Figure 1: Abdominal native CT: hypodense nodule in the body of pancreas, with well-defined margins, without capsule, with heterogeneous structure, and peripheral microcalcifications.
Figure 2: Postcontrast abdominal CT – arterial phase: The pancreatic nodule remains hypodense from the rest of pancreatic parenchyma but shows contrast enhancement.
Figure 3: Postcontrast abdominal CT – venous phase: the contrast enhancement of the nodule is centripetal.
Figure 4: Postcontrast abdominal CT – late phase: the periphery of the pancreatic nodule becomes isodense with pancreatic parenchyma.
Figure 5: Postcontrast abdominal CT - late phase: liver nodule (fourth segment) has the same behavior as the pancreatic mass: centripetal contrast enhancement and the periphery becomes isodense with liver parenchyma.
The size difference of the pancreatic nodule in ultrasound examination and CT scan may be due to the fact that when the echography was performed the lesion presented surrounding edema, and the CT examination was made 10 days after, time during the patient received anti-inflammatory and antispastic medication for abdominal pain.
After surgery, histopathological exam indicate that the mass was a pancreatic hemangioma. After surgical resection of the pancreatic lesion, the patient had suffered peripancreatic bleeding. After the second surgery, the patient’s evolution was favorable.
Although were reported a small number of pancreatic hemangiomas, mostly were proved to be hyper vascular tumors, and they were compared with portal cavernoma . Since this is a hyper vascular tumor, the differential diagnosis includes lymphangioma, hemangioendothelioma, hemangiopericytoma, and angiosarcoma . It may also consider neuroendocrine tumors and metastases, but mainly they are invasive on adjacent anatomical structures causing obstruction of the pancreatic duct, since the mass is in the body of the pancreas .
Furthermore, of all pancreatic hemangiomas described in the literature, most of them have been found in women , but in our case it was a male person.
Naito, et al.  reported that CEA and CA 19-9 values were within normal limits, and in our case the value of CA 19-9 was slightly increased than normal maximum value, but this increase was not pathognomonic for a neoplastic lesion.
At the same time, the majority of pancreatic hemangiomas were described as multilocular cystic lesions [10,11,12,13].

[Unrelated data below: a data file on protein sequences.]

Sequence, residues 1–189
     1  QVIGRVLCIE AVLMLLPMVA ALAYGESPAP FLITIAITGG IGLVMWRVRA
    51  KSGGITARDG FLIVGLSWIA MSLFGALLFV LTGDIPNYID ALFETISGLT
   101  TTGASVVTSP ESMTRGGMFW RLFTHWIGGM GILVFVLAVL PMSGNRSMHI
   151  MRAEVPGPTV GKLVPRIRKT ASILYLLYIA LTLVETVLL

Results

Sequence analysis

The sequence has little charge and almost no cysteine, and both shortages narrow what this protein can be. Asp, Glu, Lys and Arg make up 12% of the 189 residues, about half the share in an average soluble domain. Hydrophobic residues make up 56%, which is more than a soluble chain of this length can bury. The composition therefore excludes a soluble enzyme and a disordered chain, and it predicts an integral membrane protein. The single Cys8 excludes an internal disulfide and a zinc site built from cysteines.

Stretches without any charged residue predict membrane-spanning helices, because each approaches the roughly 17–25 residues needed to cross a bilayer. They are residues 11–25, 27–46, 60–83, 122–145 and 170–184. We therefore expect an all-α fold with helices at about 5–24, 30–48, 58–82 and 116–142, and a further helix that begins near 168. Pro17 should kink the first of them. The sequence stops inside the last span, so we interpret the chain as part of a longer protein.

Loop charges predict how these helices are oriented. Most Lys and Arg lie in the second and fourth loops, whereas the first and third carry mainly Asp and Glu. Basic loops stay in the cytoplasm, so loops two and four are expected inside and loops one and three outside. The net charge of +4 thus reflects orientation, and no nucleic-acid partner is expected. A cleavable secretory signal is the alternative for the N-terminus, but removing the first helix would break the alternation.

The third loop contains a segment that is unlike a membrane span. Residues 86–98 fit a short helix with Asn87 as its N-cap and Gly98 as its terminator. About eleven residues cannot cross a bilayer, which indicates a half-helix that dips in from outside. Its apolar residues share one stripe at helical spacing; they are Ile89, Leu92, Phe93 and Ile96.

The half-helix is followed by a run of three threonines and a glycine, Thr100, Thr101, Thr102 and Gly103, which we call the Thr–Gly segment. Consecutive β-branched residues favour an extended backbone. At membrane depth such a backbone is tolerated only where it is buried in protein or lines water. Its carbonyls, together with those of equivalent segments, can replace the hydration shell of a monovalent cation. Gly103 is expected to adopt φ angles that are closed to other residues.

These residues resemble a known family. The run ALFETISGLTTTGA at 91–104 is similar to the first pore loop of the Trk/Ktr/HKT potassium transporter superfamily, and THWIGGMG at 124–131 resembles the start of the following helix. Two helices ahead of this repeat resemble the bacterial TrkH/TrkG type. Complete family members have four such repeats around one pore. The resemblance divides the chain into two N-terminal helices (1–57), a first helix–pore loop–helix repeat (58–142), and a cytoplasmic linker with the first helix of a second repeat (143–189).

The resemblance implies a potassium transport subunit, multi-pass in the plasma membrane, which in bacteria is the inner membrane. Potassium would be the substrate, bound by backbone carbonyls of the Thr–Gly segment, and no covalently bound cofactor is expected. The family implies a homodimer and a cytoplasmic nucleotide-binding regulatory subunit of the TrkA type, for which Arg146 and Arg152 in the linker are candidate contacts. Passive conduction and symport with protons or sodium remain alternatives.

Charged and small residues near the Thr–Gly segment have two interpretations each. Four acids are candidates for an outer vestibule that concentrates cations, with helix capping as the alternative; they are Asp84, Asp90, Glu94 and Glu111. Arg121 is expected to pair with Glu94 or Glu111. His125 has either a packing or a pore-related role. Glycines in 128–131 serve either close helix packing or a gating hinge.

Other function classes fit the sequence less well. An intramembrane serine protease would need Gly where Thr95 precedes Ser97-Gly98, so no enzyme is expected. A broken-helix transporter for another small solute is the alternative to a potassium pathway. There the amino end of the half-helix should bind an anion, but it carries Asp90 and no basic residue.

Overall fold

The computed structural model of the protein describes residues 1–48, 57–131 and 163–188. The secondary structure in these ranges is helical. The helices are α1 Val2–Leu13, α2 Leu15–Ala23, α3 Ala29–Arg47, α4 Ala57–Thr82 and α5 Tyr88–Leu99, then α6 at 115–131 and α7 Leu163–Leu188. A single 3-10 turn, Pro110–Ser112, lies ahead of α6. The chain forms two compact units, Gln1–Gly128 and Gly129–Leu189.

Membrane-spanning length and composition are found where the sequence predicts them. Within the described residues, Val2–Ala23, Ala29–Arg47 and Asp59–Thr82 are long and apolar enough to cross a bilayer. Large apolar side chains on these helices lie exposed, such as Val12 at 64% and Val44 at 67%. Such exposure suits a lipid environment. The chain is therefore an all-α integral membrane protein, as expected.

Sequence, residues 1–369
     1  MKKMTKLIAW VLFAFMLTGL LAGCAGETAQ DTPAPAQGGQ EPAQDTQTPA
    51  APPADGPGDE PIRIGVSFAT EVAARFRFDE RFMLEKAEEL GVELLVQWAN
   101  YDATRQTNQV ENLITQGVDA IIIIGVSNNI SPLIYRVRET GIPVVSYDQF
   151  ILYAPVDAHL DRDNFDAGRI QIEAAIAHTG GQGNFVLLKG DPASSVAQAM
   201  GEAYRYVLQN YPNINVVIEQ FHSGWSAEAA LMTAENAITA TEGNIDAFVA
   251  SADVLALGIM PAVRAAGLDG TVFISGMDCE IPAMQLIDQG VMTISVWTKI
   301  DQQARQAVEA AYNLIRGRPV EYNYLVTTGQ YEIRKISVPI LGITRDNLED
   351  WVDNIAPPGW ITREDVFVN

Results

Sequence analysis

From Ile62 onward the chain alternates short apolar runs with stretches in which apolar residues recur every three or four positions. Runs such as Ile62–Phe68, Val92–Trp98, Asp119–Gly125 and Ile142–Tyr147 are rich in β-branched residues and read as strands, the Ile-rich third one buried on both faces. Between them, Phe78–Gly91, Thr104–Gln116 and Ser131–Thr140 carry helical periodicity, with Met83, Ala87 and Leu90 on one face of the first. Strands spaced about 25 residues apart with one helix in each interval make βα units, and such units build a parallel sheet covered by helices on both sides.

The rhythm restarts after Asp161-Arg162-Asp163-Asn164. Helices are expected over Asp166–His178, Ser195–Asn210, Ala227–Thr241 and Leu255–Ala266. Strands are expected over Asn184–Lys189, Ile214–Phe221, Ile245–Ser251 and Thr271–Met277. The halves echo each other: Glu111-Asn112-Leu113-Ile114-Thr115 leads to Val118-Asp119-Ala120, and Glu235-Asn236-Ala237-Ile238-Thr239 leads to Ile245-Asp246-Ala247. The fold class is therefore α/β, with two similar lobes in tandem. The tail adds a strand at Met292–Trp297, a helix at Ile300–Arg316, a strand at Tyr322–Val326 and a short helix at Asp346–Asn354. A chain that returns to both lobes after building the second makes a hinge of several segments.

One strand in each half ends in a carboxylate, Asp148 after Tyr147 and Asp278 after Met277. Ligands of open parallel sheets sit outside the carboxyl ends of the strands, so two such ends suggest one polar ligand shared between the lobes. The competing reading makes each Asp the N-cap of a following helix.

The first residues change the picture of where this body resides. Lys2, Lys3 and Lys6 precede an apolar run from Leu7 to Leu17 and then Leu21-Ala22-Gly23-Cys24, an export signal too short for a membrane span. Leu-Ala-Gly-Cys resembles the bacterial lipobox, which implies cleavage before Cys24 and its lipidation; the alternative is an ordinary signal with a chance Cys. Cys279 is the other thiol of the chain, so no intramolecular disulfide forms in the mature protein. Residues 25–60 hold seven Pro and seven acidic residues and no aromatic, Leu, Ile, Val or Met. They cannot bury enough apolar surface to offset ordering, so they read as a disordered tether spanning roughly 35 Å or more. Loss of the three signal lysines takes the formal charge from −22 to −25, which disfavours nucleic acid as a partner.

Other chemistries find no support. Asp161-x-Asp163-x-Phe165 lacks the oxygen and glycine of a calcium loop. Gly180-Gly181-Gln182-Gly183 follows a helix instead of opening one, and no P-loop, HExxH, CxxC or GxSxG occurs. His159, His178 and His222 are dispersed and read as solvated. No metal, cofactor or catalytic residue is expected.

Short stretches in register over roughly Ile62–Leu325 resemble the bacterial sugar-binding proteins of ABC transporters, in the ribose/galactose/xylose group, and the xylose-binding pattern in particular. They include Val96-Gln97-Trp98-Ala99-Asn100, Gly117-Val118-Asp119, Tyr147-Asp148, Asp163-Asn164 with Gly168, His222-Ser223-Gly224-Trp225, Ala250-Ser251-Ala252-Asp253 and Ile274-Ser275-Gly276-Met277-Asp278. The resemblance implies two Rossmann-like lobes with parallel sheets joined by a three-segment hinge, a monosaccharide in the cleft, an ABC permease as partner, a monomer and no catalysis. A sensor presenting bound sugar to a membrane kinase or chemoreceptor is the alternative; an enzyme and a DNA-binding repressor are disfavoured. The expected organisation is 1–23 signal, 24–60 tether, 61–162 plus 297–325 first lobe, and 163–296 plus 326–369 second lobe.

Lu and Yang  identified pancreatic hemangiomas at contrast-enhanced computed tomography as multilocular cysts with moderately enhanced septa and fluid-fluid levels in the body and tail of the pancreas. In this case, the pancreatic lesion is in terms of density, a tissular mass.
The pancreatic lesion had small dimensions compared to most pancreatic hemangiomas described in the literature . However, Jarboui, et al.  present the case of a patient who had a small pancreatic nodule, with tissue density, and which has been proved to be a hemangioma.
Unlike hemangioma, pancreatic cancer is diagnosed on CT in 97% of cases as a hypodense mass on native scan with low enhancement, or isodense on native CT and poor enhancement .
When tumor sizes are smaller than 2 cm and is limited to the pancreas, with lymph nodes or parenchymal metastasis most likely nonexistent, it is a T1 tumor stage . However even at these dimensions are not excluded organ metastases. According to Lu and Yang  pancreatic hemangiomas range in size from 3 cm to 20 cm, and are most frequently located in the pancreatic head, and the diagnosis of pancreatic hemangioma should not be ruled out solely based on poor arterial phase enhancement on contrast-enhanced CT. In our case, there was in the liver a sub capsular lesion with the same CT behavior as the pancreatic lesion, excluding of course the liver lesion which was clearly a hemangioma. This raised the question: is it a pancreatic cancer with liver metastasis? According to statistics, was the most likely variant. But taken out of context, the pancreatic lesion had a benign behavior (dimensions, shapes). The presence of peripheral tumor calcifications with dimensions under 1mm are considered to be rare, being more common in solid pseudo papillary tumor that have a low degree of malignancy , but this type of tumor is also cystic . Also, Weidenfeld  describes the case of a small pancreatic hemangioma with the presence of micro calcifications.
Although there was a liver lesion with uncertain CT features, due to the small size of the pancreatic tumor, the lack of invasion of vascular structures and its well defined margins, the patient was planned for surgery, knowing that the pancreatic adenocarcinoma is extremely aggressive with a poor prognosis if is not surgically removed . Another argument favorable for surgery was the post contrast behavior of the pancreatic lesion, namely progressive centripetal enhancement, which is not common for adenocarcinomas, but rather for hemangiomas.
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Citation: Bratu AM, Zaharia C, Cristian DA, Popa BV and Salcianu IA. A Case of Pancreatic Hemangioma in Adult which Mimics Adenocarcinoma of the Pancreas. Austin J Gastroenterol. 2016; 3(2): 1065. ISSN : 2381-9219